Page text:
Now there is no PersonInfo field defined, and Name has become a sequence (with the ‘*’ suffix). This also illustrates another aspect of field definitions, a negative example. Without the {!Name*:Los Angeles} definition, “Los Angeles” matches a line-starting expression that will extract it as a name. As before, we need Randolph LaBelle as an example of capitalization inside a name.

The only difference in -debug output from the final template file with PersonInfo is that we don’t have a PersonInfo property here, and Name has a different program:

DEBUG: Property: Name

Program: ESSL((SucceedingStartsWith(Number([0-9]+(\,[0-9]{3})*(\.[0-9]+)?), WhiteSpace(( )+), Camel Case(\p{Lu}(\p{Ll})+))): 0, 1, …: ε…ε, 1 + ε…ε, 0)

 

Our negative example for “Los Angeles” resulted in the best-ranked program changing from looking for a line starting with Camel Case to looking for a line followed by a line that starts with a number.

Although these examples don’t show it, it is possible to define sequences within any parent structure. This includes defining nested sequences within an implicit parent structure:

                {Name*:…}

                                {Phone*:…}

                                {Phone*:…}

                {Name*:…}

 

However, it is often easier to remove ambiguity by defining explicit regions. This is particularly important when there may be zero instances of a child sequence within a parent sequence.


Syntax Summary

As you can probably piece together from the examples above and the release notes, the syntax of a template field specification is:

                {[optional-typecast]namesequence-spec:example-value}

The field specification is enclosed with curly braces. If there are curly braces already in the file they must be escaped by adding a ‘\’ before them (and any ‘\’ characters already in the file must be escaped by doubling them).  Optional-typecast is the usual PowerShell type-cast syntax, a .NET type within square brackets (such as [string] or [int]).  Name is the name of the field.  Sequence-spec is “*” if the field will be a sequence (i.e. will have multiple instances) within its parent, else empty.  All of these are text that is added to the actual data in the template file. “Example-value” is the actual data. This data starts with the character immediately after the “:” following name and ends with the character immediately preceding the field’s closing “}”, including all whitespace.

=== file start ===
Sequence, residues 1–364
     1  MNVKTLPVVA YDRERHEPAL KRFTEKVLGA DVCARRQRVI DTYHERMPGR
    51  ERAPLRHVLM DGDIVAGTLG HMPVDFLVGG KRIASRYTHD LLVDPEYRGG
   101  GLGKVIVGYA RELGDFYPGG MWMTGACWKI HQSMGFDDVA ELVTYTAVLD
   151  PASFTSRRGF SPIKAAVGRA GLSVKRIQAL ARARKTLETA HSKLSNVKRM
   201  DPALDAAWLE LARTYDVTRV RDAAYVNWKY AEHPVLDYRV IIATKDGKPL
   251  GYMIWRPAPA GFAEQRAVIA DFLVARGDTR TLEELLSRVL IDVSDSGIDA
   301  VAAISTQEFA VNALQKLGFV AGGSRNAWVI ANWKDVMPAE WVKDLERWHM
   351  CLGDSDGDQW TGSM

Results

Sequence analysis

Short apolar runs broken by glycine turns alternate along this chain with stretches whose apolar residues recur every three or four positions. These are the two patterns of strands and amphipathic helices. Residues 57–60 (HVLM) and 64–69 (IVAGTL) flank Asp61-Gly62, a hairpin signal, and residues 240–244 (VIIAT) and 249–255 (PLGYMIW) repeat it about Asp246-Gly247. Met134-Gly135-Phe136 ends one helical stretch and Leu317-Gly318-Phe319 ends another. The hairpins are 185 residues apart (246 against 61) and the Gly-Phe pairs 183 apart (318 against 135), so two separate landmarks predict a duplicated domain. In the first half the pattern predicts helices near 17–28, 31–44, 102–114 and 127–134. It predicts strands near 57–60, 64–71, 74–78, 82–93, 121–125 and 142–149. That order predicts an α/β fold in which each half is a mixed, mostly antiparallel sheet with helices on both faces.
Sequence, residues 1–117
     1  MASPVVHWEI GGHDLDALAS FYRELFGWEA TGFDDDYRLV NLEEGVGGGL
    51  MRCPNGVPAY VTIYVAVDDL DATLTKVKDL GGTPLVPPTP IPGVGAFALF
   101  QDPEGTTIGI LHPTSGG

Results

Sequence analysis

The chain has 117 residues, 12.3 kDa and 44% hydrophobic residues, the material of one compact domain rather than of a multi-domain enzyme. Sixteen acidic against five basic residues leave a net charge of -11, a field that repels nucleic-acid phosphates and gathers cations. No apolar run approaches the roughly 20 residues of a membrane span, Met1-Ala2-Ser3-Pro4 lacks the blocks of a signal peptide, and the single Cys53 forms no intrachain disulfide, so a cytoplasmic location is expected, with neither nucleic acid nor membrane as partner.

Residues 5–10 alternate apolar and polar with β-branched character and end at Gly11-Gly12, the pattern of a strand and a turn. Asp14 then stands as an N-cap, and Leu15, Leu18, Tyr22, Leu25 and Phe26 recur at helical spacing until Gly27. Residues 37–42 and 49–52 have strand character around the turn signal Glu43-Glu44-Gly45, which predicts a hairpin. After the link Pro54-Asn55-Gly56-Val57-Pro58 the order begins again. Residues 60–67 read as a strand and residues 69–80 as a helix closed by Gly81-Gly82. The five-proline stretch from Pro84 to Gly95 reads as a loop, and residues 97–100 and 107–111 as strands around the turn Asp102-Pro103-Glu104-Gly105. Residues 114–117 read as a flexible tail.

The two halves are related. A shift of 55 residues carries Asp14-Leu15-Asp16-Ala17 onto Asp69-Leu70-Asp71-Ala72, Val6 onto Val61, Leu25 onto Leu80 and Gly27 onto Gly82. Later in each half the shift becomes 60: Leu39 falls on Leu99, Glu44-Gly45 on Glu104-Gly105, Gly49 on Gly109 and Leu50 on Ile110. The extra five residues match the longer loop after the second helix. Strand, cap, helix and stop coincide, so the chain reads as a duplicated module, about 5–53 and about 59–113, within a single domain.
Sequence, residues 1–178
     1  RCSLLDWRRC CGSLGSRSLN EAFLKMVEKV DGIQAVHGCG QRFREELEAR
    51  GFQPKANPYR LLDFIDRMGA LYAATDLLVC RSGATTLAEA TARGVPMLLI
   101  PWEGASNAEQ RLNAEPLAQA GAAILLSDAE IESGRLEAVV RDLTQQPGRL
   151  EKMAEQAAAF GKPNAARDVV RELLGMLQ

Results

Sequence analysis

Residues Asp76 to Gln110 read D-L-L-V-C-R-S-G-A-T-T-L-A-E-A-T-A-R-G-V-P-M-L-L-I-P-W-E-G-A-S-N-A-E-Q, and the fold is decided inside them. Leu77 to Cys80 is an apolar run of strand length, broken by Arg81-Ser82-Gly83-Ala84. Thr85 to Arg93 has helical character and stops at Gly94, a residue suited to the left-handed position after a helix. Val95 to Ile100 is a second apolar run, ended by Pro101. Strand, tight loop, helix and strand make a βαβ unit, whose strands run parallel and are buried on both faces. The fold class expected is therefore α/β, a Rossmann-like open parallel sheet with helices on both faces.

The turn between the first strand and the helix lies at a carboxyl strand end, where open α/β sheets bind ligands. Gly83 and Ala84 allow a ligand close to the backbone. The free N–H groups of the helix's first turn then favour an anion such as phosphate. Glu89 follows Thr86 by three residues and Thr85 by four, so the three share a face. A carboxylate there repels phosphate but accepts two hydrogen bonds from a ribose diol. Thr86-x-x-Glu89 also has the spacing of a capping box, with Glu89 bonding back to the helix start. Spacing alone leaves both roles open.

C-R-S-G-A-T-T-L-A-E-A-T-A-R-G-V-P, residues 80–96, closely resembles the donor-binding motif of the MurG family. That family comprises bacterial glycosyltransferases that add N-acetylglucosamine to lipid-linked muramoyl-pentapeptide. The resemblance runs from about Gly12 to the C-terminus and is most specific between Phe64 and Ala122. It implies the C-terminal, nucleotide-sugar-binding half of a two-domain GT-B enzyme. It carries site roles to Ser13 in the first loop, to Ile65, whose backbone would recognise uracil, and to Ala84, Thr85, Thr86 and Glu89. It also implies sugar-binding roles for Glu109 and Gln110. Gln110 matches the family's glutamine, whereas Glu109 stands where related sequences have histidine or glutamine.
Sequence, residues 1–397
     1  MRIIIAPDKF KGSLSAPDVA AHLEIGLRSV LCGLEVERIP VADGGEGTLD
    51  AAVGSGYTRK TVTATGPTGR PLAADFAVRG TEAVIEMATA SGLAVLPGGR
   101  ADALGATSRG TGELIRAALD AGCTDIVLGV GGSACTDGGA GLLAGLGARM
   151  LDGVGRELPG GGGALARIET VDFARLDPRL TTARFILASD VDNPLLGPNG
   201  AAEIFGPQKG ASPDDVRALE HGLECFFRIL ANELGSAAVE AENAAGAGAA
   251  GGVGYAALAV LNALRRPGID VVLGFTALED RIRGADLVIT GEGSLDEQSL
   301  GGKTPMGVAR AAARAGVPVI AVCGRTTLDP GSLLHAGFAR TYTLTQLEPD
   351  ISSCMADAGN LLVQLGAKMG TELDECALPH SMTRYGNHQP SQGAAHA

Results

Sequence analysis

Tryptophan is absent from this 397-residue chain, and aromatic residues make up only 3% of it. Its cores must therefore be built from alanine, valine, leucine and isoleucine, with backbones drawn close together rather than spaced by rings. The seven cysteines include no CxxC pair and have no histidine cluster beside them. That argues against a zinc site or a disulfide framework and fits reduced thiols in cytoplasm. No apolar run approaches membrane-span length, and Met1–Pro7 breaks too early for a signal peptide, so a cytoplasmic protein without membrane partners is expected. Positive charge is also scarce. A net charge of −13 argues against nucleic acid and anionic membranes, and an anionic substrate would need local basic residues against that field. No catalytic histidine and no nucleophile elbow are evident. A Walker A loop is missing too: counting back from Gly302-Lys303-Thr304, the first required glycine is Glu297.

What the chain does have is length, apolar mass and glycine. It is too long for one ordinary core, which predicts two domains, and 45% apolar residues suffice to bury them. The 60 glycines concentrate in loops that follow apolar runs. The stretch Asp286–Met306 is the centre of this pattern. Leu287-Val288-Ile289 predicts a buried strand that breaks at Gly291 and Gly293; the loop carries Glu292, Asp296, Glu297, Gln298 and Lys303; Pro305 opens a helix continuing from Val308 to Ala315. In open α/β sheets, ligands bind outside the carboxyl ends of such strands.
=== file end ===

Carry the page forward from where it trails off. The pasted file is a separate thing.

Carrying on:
As illustrated above, fields may be nested; this is done by creating a field specification within the “example-value” of the enclosing field.

ConvertFrom-String does not recognize regular expressions in the field value; it interprets them as the literal string.  For example, this LazyWinAdmin post provides a very nice example of using ConvertFrom-String with the output of netstat.  However, the use of “{State:\s}” works not because it is recognized as a regular expression, but because it tries to match against the literal string “\s”, which happens to result in FlashExtract selecting a program that returns an blank field.  Using “{State:\q}” or “{State:#}” works as well.  The latter, because it does not have an alphabet character, learns a program that avoids a problem in the template that (as of this writing) converts “TIME_WAIT” to “WAIT”; this could also be fixed by adding examples of State with the “_” character.


Common Problems

Many problems are due to over-learning:

·         Specific case.  Sometimes a word will begin with lowercase when your examples are all uppercase, or as above, an uppercase letter will be in the middle of a word.  Or there may be special characters like underscore, apostrophe, or hyphen.

·         A program may learn to search for only a specific number of characters, or for a specific string, if all the examples are the same in certain areas. For example, I recently parsed a file that used spaces for alignment; both my examples had one digit followed by 9 spaces, so it missed lines where 2 digits were followed by 8 spaces.

 

Over-learning can be fixed by adding diverse examples to relax the restrictions. In other cases, as with “Los Angeles” above, the learned program may be too lenient and you may need to specify a negative example.

 

Other things to look for:

·         Be sure that spaces in the template file match those in the data file.  Sometimes there may be trailing spaces or spaces between fields in the original file, and these may be relevant in learning.

·         If you are having trouble getting the correct region boundaries with implicit regions, consider adding explicit regions.

 

We would love to know how ConvertFrom-String meets your needs or where it does not do what you expect.  Please give it a workout and send your examples, problems, suggestions, and other feedback to psdmfb–at–microsoft.com. Happy parsing!

 

Ted Hart [MSFT]

Microsoft Research